Steven also played basketball with Pearl’s son, Steve Pearl, on the Maccabi USA Open Men’s Basketball Team in 2009. Bruce Pearl coached the team.[3]

In December of 2008, Pearl allegedly invited a high school junior by the name of Aaron Craft and members of his family to a cookout at Pearl’s Knoxville home while Craft was on a non-official visit to Tennessee – which violated NCAA rules. When the NCAA began an investigation, Pearl allegedly lied about the cookout. In September of 2010, Pearl acknowledged the violations and also admitted lying to the NCAA. Pearl was fired from Tennessee on March 21, 2011, and on August 23, 2011 Pearl was given a three year Show Cause penalty by the NCAA, effective until August 23, 2014.

A Show Cause Order essentially means that the sanctions imposed on Pearl will remain in force if he is hired by another NCAA member school within that period. Specifically he is prohibited from engaging in any recruiting activities which means he cannot contact recruits, although he may evaluate talent during that time period. So therefore a Show Cause penalty is an administrative punishment ordering that any NCAA penalties imposed on a coach found to have committed major rules violations stays in effect for the sanctions full duration, and also can be transferred to any other NCAA member school that hires the coach while the sanctions are still in effect. David Gruber was also Pearl’s co-counsel in Pearl’s NCAA rules violation case at Tennessee.

Following his firing, Pearl worked for ESPN as an on-air basketball analyst and also held an executive position at a Knoxville, Tennessee wholesale distributor, H.T. Hackney Co.[4]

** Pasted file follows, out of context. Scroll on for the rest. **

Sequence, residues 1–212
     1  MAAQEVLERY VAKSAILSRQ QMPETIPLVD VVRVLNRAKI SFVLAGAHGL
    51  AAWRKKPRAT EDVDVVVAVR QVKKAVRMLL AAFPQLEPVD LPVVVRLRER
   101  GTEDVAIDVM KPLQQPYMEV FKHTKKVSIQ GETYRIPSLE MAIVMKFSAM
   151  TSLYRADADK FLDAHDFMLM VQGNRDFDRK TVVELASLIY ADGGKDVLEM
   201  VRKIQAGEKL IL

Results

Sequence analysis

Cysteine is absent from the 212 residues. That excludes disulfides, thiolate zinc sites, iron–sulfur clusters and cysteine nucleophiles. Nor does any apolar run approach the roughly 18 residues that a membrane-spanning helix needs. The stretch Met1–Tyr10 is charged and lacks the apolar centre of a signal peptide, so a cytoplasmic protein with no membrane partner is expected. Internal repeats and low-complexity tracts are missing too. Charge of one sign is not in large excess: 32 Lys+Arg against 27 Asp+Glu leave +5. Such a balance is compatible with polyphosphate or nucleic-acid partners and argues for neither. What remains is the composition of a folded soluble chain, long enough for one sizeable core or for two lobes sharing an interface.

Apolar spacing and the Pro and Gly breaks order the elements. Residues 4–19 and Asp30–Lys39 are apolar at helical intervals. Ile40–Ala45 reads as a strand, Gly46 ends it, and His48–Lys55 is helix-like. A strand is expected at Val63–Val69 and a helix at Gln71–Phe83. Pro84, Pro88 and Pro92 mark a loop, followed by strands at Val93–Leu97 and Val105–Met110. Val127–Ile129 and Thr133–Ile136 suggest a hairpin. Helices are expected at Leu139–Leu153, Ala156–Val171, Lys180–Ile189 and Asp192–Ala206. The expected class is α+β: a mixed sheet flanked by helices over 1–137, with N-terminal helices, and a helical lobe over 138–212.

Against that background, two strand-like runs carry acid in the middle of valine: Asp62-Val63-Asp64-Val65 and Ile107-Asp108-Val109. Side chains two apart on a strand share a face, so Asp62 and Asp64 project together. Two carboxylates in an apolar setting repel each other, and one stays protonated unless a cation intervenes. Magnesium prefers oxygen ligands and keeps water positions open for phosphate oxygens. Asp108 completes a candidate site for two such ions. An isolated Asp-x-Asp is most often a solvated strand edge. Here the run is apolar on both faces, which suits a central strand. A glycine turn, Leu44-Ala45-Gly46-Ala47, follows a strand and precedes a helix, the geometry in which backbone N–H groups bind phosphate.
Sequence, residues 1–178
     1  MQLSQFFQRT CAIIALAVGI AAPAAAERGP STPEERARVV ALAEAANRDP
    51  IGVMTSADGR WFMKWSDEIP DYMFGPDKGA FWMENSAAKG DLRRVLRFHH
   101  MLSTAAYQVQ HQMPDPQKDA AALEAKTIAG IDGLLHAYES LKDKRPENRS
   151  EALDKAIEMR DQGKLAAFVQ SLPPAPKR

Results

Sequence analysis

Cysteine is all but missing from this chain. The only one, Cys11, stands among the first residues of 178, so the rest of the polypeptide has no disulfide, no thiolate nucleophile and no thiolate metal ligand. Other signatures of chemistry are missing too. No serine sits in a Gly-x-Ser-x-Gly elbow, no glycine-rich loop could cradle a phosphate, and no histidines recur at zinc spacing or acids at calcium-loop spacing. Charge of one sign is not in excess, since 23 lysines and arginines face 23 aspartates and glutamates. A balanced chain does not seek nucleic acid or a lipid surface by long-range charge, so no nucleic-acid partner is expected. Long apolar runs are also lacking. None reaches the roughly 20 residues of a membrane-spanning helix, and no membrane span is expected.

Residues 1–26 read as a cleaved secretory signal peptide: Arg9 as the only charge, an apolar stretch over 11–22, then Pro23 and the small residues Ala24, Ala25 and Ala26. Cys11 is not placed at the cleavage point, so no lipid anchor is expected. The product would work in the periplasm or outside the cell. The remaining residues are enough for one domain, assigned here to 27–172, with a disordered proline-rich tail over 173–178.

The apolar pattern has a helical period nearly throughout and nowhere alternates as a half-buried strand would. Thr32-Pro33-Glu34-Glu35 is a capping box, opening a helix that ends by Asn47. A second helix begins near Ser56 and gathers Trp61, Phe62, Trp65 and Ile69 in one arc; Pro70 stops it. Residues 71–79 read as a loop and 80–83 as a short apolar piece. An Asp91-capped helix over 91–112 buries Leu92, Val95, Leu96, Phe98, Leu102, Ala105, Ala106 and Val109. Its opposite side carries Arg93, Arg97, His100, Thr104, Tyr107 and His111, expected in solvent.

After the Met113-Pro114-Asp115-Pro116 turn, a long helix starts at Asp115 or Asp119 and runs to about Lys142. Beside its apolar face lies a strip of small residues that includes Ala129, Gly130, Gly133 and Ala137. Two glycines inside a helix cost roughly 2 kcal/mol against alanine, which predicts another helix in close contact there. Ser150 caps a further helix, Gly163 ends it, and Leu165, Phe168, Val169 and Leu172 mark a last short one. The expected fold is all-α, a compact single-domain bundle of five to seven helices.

I have been teaching the subject of coaching contracts as well as representing coaches in contract negotiations and terminations for at least twenty-five years. I must say, the Grubers not only negotiated a good contract for Pearl at Auburn, but the contract was well-drafted and contained creative and unique contract clauses. Moreover, the contract was fair from both the coach’s perspective as well as the University’s perspective. Some of those provisions in the 35-page contract, a copy of which is attached, include:

  1. Reporting Relationship
  2. Hiring of assistant coaches and favorable clearance from the NCAA and SEC
  3. Signing Bonus
  4. Defined salary increases and term extension
  5. A bonus laced contract
  6. Bonuses are cumulative
  7. Attendance Bonus
  8. Unique automotive provisions
  9. The handling of the Show Causes Order with respect to violations and sanctions
  10. Rules violations and suspensions
  11. Assignment of personal endorsement rights
  12. Mitigation of damages
  13. De-escalating buyout